November can be a long month for academic job seekers, perhaps the time when academe seems coldest. With several fields holding their national conferences shortly after the holidays, many applicants will know in these first weeks of December if they will have an opportunity to interview. Until then we wait and practice the morbid algebra of the market: x ads minus y internal candidates, divided by the number of qualified applicants equals … well, it’s not pretty. In the anonymous space of job wikis or the comments streams of The Chronicle’s blogs, job seekers seem suspicious, jaded, angry, arrogant, and entitled by turns, but more than anything else our worrying strikes me as deeply lonely, quick to pit the individual against a faceless system. It’s when I read our posts that I feel most isolated from my peers and colleagues.
By contrast, I had a profound experience of community in my field this past July when I participated in the annual Sewanee Writers’ Conference. The gathering lasted 12 days, and between readings, panels, and workshops that boast some of the nation’s best writers, attendees shared living space in student suites and ate together in the university dining hall. By design, the Sewanee conference is also relatively small, so participants actually get to know one another. I made real friends there, shared my work, and engaged deeply with the writing of others. In short, I had something like the experience idealized in conference brochures.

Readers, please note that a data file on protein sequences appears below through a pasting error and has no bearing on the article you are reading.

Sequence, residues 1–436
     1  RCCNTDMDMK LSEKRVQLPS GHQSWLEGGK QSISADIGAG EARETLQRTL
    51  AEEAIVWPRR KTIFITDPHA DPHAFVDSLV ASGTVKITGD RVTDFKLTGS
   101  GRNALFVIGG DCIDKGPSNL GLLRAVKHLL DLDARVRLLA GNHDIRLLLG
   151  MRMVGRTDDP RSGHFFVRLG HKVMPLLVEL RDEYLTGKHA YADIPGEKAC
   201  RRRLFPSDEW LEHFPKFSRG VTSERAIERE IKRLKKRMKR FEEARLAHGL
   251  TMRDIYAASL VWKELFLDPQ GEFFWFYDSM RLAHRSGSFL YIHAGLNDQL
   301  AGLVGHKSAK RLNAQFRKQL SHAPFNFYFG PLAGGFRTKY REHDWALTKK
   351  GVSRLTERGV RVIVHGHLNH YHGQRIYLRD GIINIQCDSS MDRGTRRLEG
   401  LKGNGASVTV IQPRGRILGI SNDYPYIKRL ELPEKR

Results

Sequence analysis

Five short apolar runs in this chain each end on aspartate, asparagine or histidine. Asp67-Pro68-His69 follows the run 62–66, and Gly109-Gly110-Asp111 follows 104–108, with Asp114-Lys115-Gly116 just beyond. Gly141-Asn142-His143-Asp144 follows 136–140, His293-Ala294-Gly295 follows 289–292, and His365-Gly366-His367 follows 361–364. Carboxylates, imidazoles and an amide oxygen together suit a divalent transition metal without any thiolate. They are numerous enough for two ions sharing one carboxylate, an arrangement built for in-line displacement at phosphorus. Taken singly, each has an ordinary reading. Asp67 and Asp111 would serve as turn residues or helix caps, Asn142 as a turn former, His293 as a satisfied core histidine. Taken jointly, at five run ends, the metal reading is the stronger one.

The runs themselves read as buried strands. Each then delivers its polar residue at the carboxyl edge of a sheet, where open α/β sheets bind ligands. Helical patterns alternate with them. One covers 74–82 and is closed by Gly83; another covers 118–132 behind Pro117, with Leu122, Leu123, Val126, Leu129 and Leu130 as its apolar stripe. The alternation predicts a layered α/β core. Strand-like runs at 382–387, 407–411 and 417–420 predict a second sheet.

Even while I was there though, I found myself thinking about what made the gathering so intimate and refreshing. Certainly the conference’s length and setting played a role, but on another level I attribute the spirit of camaraderie to the conference’s fellows and staff, authors usually of one or two books, many of them academic job seekers themselves or assistant professors in the early parts of their careers. To say that they invested in the younger and less-experienced attendees would be an understatement. Many of them spent their down time meeting with members of their workshops to discuss drafts, to offer suggestions and encouragement, or just to share a beer. Perhaps most importantly, their affability seemed motivated by genuine interest. They had little to gain professionally from the relationships they were building, and their example has made me mindful of a fine distinction: There’s a difference between certain self-serving “networking” and truly generous contribution to an intellectual community.
We often talk of a spirit of shared vocation in our fields, but I rarely see such fellowship meaningfully expressed in academic settings. Maybe I’m simply looking in the wrong places though. Or perhaps as a job seeker I am particularly sensitive to the limits of collegiality these days. When was the last time you had a significant experience of community in your guild? How are your field’s grad students and younger scholars being encouraged? What ways have you found to develop professional camaraderie in and beyond your home institution?Return to Top